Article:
Friday, January 1, 2010

Once A Witch Review

Title: Once A Witch
Author: Carolyn MacCullough
Publisher: Clarion Books
Published Date: Sept. 2009
Price: Amazon ($10.88)

Tamsin Greene comes from a long line of witches, and she was supposed to be one of the most Talented among them. But Tamsin's magic never showed up. Now seventeen, Tamsin attends boarding school in Manhattan, far from her family. But when a handsome young professor mistakes her for her very Talented sister, Tamsin agrees to find a lost family heirloom for him. The search—and the stranger—will prove to be more sinister than they first appeared, ultimately sending Tamsin on a treasure hunt through time that will unlock the secret of her true identity, unearth the sins of her family, and unleash a power so vengeful that it could destroy them all. This is a spellbinding display of storytelling that will exhilarate, enthrall, and thoroughly enchant.

MacCullough does a splendid job in creating a magical world without any of the Harry Potter cliché. I loved the intricate plot. It’s finally a book without the werewolves or vampires (even though I love them too) but creates this whole unique world that keeps you turning the pages, wondering what new information Tamsin is going to discover. The unique aspect of the plot and the action in the novel brings freshness from all the paranormal romance. Also, the theme of being looked down upon in your family is integrated connects to the reader in a psychological way, along with the common message that there is no black and white, no good or evil. The revelation at the end that Tamsin’s family isn't purely good makes me eagerly wait for a sequel (I really do hope there is one. MacCullough left a lot open).

The integration of how Tamsin is compared to her sister as she feels excluded and feels the shame of her family for being Talentless creates a friendship between the reader and Tamsin. MacCullough’s development of Tamsin through her beautiful language, with the sprinkle of a sassy tone of a normal teenager, creates a protagonist you will always root for. For example, whenever Rowena, Tamsin’s older sister, taunts Tamsin I get angry at Rowena that by the end of the book, I felt like Rowena, even after all her suffering, didn’t get the short end of the stick.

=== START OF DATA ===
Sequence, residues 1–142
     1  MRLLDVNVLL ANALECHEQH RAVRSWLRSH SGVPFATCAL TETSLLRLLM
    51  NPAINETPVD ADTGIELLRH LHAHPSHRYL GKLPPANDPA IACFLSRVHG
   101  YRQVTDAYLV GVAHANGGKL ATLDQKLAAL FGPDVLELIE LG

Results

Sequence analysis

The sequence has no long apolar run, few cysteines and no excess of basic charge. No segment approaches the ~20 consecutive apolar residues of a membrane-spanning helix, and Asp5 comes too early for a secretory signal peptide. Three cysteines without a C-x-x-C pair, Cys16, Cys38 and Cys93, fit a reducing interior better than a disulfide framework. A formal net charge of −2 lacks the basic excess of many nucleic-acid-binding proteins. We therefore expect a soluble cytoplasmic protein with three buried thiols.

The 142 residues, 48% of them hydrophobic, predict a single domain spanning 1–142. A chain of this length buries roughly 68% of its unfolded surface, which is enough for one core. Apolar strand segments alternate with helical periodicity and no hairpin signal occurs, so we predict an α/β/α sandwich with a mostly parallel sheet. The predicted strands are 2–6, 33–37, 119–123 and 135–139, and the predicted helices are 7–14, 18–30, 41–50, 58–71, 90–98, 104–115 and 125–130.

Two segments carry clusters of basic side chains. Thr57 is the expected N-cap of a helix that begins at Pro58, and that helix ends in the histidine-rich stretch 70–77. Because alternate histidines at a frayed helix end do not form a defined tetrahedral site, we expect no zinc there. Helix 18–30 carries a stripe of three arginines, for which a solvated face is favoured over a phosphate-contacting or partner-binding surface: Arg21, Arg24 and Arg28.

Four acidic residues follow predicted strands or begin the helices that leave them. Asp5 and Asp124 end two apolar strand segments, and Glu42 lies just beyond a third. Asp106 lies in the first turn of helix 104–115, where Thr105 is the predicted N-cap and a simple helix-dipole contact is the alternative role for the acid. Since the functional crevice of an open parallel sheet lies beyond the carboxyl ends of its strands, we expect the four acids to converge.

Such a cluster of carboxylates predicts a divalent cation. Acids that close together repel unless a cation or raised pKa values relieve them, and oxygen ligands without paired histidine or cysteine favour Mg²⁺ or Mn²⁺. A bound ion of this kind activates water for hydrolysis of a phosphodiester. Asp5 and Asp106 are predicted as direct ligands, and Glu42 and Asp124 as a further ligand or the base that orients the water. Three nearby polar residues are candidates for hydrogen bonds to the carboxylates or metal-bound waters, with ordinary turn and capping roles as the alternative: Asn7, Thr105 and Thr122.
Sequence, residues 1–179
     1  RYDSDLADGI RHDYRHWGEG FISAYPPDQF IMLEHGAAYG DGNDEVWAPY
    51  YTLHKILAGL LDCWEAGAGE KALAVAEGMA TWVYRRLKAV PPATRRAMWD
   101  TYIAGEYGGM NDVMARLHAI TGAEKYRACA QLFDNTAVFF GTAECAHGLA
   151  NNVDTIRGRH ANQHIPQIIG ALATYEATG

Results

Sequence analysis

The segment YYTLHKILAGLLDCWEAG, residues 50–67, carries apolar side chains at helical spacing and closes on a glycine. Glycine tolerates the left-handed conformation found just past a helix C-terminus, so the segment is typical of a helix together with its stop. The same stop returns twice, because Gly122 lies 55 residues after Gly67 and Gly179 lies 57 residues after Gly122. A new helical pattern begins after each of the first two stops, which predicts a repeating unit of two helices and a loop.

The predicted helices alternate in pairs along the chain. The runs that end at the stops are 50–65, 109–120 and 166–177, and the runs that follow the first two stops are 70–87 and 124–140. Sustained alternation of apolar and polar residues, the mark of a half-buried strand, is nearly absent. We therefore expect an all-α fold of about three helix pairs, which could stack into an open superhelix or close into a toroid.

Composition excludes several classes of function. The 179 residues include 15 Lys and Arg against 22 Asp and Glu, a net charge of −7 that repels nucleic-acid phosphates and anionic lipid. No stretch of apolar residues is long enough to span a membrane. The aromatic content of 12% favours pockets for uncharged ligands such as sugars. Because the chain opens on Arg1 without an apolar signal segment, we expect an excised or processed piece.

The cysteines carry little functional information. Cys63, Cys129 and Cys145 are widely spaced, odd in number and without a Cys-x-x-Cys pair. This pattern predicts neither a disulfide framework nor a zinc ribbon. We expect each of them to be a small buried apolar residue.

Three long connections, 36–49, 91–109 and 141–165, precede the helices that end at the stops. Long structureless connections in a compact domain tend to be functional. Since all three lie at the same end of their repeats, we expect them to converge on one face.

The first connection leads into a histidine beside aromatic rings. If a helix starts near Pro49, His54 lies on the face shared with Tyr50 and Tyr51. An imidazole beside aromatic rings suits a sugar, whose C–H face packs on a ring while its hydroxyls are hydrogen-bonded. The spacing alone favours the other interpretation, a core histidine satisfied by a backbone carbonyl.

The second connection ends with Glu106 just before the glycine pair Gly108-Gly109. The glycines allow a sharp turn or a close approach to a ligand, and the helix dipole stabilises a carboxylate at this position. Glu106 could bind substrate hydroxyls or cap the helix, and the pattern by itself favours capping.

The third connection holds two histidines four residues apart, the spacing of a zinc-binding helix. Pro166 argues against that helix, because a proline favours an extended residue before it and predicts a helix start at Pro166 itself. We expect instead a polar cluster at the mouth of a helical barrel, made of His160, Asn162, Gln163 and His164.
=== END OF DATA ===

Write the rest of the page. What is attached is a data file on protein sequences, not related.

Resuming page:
The romance in the book, I am sorry to say, was a bit disappointing. I actually expected romance to be the centerstage of the novel when I read the synopsis. I thought Gabriel’s and Tamsin’s relationship was adorable but I felt that there was no premise for their romance. Gabriel is the regular guy who comes back into Tamsin’s life after they were best friends during their childhood. Their relationship didn't really develop but more like leaped to a romantic stage. 

Overall, I thought the plot was exciting and made me flip the pages. Through every page, the plot thickens and there are always surprises. Pretty please (*puppy dog eyes*)..a sequel? Especially with more romance in it? Lol.

Plot: 4/5
Characters: 5/5
Cover: 4/5

The cover is beautiful with the color assortment and the use of the book as the centerpiece. While the book does represent Tamsin’s family history book, it characterizes Tamsin as the hardworking student, aside from her family.

Overall: 4/5


  1. I have been wanting to read this book. I love the cover its just attractive. I'm interested to see what you think of Beautiful Creatures if you haven't read it. Good review it makes me want to read it more :)

  2. Terrific review Jean. This one has been on my list for a while and it sounds really good. :D



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